Incident could open debate on media freedom

Chinese police knocked a British TV reporter to the ground and dragged him away from a pro-Tibet protest on Wednesday in an incident that is sure to exacerbate concerns about media freedom at the Beijing Olympics.

Police hauled John Ray, China correspondent for Independent Television News (ITN), from a park less than a mile from the Bird’s Nest stadium to a nearby restaurant, where they threw his shoes in the corner and sat on his arms. The police took this action shortly after foreign protesters unfurled a pro-Tibet banner.

“I wonder how this fits in with their solemn promise of free and unrestricted reporting,” Ray said shortly after his release. “This was a wrestling match.”

Ray, who is fully accredited to report in Beijing during the Olympic Games, said he was detained for 20 minutes and his equipment bag was confiscated despite repeated protestations – in Chinese – that he was a journalist.

He was thrown into a police van, his pants and shirt were covered in grime, and his hand was bruised from where a police officer stood on it, he said.

Cameraman Ben England was also manhandled and prevented from filming the protest by police.

Pro-Tibetan independence group Students for a Free Tibet said two of their protesters who unfurled the banner were arrested while six other members were detained for protesting nearby.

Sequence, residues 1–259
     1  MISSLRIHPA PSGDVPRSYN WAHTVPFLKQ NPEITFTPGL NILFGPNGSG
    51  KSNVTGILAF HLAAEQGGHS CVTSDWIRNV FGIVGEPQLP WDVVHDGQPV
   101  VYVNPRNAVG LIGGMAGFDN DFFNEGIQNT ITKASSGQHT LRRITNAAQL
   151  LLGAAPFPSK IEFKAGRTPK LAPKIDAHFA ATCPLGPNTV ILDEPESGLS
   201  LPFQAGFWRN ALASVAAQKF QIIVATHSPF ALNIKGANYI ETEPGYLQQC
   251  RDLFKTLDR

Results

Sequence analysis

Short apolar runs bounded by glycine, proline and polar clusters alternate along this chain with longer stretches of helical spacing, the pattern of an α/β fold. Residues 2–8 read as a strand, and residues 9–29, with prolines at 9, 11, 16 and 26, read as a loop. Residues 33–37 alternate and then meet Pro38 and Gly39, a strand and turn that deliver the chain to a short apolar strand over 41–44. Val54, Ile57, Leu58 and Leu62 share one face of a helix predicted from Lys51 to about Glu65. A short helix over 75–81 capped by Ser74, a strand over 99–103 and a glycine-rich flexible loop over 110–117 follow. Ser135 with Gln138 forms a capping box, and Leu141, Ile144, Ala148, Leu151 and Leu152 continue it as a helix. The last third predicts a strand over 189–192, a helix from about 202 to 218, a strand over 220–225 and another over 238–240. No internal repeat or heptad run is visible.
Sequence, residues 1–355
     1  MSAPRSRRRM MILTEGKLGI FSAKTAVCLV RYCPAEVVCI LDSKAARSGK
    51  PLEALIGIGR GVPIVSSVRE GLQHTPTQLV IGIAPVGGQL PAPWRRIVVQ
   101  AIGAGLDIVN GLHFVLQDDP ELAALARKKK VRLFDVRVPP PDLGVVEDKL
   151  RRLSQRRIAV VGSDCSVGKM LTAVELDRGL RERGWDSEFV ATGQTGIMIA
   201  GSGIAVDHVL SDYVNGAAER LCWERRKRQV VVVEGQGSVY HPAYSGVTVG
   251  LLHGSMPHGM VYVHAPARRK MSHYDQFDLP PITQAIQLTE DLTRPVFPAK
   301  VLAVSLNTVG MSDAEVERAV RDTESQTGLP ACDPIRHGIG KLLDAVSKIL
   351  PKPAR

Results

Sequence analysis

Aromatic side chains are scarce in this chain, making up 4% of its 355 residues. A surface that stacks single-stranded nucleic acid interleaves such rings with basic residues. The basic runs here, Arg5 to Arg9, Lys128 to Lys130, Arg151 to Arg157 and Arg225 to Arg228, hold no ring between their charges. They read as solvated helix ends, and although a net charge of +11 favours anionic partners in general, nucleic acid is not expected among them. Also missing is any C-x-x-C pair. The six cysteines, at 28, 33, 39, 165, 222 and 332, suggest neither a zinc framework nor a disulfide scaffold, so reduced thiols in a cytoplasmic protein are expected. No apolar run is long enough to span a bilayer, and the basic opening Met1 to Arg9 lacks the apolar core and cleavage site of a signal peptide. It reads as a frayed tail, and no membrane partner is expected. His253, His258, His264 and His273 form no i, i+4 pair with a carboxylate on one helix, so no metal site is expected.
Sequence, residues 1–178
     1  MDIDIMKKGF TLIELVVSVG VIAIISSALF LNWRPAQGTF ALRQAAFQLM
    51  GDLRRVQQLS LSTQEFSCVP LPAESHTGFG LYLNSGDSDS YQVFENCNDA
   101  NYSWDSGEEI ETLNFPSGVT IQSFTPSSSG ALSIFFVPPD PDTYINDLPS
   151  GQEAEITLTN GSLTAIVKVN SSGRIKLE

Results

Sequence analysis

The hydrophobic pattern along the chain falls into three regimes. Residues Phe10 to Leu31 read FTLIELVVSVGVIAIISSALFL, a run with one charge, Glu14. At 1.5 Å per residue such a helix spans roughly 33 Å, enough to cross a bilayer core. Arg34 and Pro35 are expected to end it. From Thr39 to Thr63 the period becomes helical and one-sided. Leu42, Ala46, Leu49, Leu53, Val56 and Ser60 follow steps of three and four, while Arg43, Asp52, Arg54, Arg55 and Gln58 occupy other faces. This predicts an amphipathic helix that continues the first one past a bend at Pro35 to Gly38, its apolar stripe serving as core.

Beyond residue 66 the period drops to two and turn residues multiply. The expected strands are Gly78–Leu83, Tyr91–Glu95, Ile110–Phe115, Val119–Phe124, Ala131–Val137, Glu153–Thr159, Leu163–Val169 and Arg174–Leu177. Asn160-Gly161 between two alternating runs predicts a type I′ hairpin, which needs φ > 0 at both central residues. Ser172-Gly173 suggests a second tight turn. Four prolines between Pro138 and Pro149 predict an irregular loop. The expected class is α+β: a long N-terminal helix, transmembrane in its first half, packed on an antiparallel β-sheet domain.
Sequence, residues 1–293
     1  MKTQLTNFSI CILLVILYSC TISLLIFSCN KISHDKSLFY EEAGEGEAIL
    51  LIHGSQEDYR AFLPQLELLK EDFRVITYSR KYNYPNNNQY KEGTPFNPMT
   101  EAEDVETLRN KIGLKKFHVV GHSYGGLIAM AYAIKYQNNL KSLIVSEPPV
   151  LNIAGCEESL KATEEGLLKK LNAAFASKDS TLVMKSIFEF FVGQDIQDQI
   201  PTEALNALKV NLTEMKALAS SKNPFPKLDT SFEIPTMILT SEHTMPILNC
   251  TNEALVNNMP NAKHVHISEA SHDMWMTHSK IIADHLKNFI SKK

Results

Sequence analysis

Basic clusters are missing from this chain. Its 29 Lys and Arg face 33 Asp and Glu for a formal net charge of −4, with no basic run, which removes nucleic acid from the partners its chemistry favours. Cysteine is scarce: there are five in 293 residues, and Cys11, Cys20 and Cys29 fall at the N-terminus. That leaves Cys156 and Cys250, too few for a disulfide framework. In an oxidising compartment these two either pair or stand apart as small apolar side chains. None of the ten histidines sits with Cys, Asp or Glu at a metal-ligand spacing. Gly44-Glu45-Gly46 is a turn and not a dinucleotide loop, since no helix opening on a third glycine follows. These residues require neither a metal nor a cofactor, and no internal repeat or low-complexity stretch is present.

They included six Americans, an Israeli-American and a Japanese national.The British embassy expressed “strong concern” to the Chinese authorities about the incident, and the Foreign Correspondents Club (FCC) in Beijing demanded that police apologize to the ITN reporter.

“The FCC is appalled by this treatment of an accredited journalist within half a mile of the main Olympic stadium. We call on the authorities to return his equipment, to apologize and, if it is proved that a crime has been committed, to punish those responsible,” said FCC president Jonathan Watts.

Last month, the Beijing Olympics organizers said they were introducing three “protest parks” where anyone who wanted to express their opinions could do so. However, the demonstrations require approval and any protests that could harm “national unity” and “national, social or collective interests” are forbidden.

Wednesday’s incident is just the most recent of several since the Games started in which journalists have been harassed and prevented from working by police, including one in Beijing’s Tiananmen Square.

Last week, two Japanese journalists were forcibly detained and beaten up by police in northwest China, where they were reporting on a violent attack blamed on Muslim Uighur separatists in the restive Xinjiang region.

And the visiting press corps was furious when it arrived in China to discover that Internet access at the main Olympic media center was censored. Greater access was subsequently made available up to a point, but many sites, including any relating to Tibetan independence or banned spiritual movement the Falun Gong, remain off-limits.

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